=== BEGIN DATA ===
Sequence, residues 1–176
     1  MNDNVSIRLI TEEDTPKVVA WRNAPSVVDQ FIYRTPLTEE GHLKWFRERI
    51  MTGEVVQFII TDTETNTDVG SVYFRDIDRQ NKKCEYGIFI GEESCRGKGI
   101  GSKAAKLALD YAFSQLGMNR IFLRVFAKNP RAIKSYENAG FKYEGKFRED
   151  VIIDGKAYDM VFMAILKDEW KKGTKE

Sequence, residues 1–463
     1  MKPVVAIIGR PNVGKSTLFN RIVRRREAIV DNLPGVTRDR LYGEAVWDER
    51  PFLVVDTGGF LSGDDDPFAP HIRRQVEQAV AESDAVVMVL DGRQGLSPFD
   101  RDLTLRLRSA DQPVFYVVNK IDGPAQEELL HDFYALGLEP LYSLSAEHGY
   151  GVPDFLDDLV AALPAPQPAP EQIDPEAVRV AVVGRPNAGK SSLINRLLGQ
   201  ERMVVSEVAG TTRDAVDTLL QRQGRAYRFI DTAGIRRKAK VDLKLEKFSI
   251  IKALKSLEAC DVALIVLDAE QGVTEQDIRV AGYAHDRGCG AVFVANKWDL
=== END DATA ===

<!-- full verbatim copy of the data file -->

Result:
Sequence, residues 1–176
     1  MNDNVSIRLI TEEDTPKVVA WRNAPSVVDQ FIYRTPLTEE GHLKWFRERI
    51  MTGEVVQFII TDTETNTDVG SVYFRDIDRQ NKKCEYGIFI GEESCRGKGI
   101  GSKAAKLALD YAFSQLGMNR IFLRVFAKNP RAIKSYENAG FKYEGKFRED
   151  VIIDGKAYDM VFMAILKDEW KKGTKE

Sequence, residues 1–463
     1  MKPVVAIIGR PNVGKSTLFN RIVRRREAIV DNLPGVTRDR LYGEAVWDER
    51  PFLVVDTGGF LSGDDDPFAP HIRRQVEQAV AESDAVVMVL DGRQGLSPFD
   101  RDLTLRLRSA DQPVFYVVNK IDGPAQEELL HDFYALGLEP LYSLSAEHGY
   151  GVPDFLDDLV AALPAPQPAP EQIDPEAVRV AVVGRPNAGK SSLINRLLGQ
   201  ERMVVSEVAG TTRDAVDTLL QRQGRAYRFI DTAGIRRKAK VDLKLEKFSI
   251  IKALKSLEAC DVALIVLDAE QGVTEQDIRV AGYAHDRGCG AVFVANKWDL